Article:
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Sunday, December 2, 2012

Come Desire of Nations, Come--An Advent Reflection

   Yesterday morning our community celebrated Mass for the last day of the liturgical year. The responsorial psalm was "Maranatha, Come Lord Jesus."  To use a modern word this statement makes for a nice segue into Advent.  One article that I read recently suggests that Advent is the season of desire.  I agree.  But what is desire.

   Our desires are our deepest longings, the things that we most crave for. And what is it that we most desire. St. Augustine answers that question magnificently when he writes at the beginning of his Confessions, "We were made for You alone, O God, and our hearts are restless until they rest in You."  It is God, then that we most desire. This is why Fr. Ronald Rolheiser, OMI in his book, The Holy Longing, says "Spirituality concerns what we do with our desire."  At this point we get into some challenging issues.  Desire can become the desire for wealth and power, or lustful desire.  Over the years this has lead to a distortion of Christian spirituality that leads people to crush all desire.  This leads to a lifeless, dull and boring as well as rigid and legalistic approach to Christianity.  Rolheiser points out that our call is to integrate the other desires into our ultimate desire which is for God.

  Of course we desire love. When young lovers meet, desiring each other so much that they wish to marry, that is a good and holy thing.  That is why I rejoiced at the privilege of presiding at the wedding of my niece, Michelle and her husband Kevin during this past year.  We desire money,not for its own sake, but to provide us with a means of sustenance and support for our families. We can desire power, not to dominate others, but so that we can make a positive difference in this world.  As long as the realization of these desires lead us to that deeper desire for God it is a good and holy thing.  A few months ago a good friend of mine posted on her Facebook page on the occasion of her wedding anniversary a picture of her and her husband in the limo on their wedding day.  Her caption was, "best decision I ever made."  Indeed it was. She found the love of her life, the father of her children and a clear path to God in that decision.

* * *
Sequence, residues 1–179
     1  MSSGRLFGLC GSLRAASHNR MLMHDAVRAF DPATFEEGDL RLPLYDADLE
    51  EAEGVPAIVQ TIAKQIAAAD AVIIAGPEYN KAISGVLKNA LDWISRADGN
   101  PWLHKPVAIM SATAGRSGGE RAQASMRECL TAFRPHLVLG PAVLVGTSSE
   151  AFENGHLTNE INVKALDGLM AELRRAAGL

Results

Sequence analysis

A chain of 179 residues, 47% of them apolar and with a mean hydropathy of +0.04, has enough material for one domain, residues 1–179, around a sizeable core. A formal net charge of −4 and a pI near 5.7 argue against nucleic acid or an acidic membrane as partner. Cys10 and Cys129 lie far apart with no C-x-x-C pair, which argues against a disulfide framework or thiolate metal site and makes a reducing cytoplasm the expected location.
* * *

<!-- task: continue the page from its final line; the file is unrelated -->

So what does all that have to do with Advent?  Advent celebrates the desire of the human heart, a desire that was realized in the birth of Christ so long ago.  Yet it also celebrates the fact that all of our desires are yet to be realized. There is still injustice, violence, terrorism and lack of respect for life. In Advent we not only prepare to celebrate Christmas, that first coming, we also open our hearts to prepare for His second coming when all of the ills that we lament will be overcome. There is much talk these days about Mayan calendars and the end of the world.  I would point out that our faith belief is not in the end of the world but rather in the coming of the Kingdom when all the desires of our hearts will be realized in God.  In the liturgy we pray, after the Our Father, "As we await the blessed hope and the coming of our Savior, Jesus Christ."  Let us, this Advent, unite all of our desires to that blessed hope.  Come, desire of nations, Come.  Maranatha, Come Lord Jesus.

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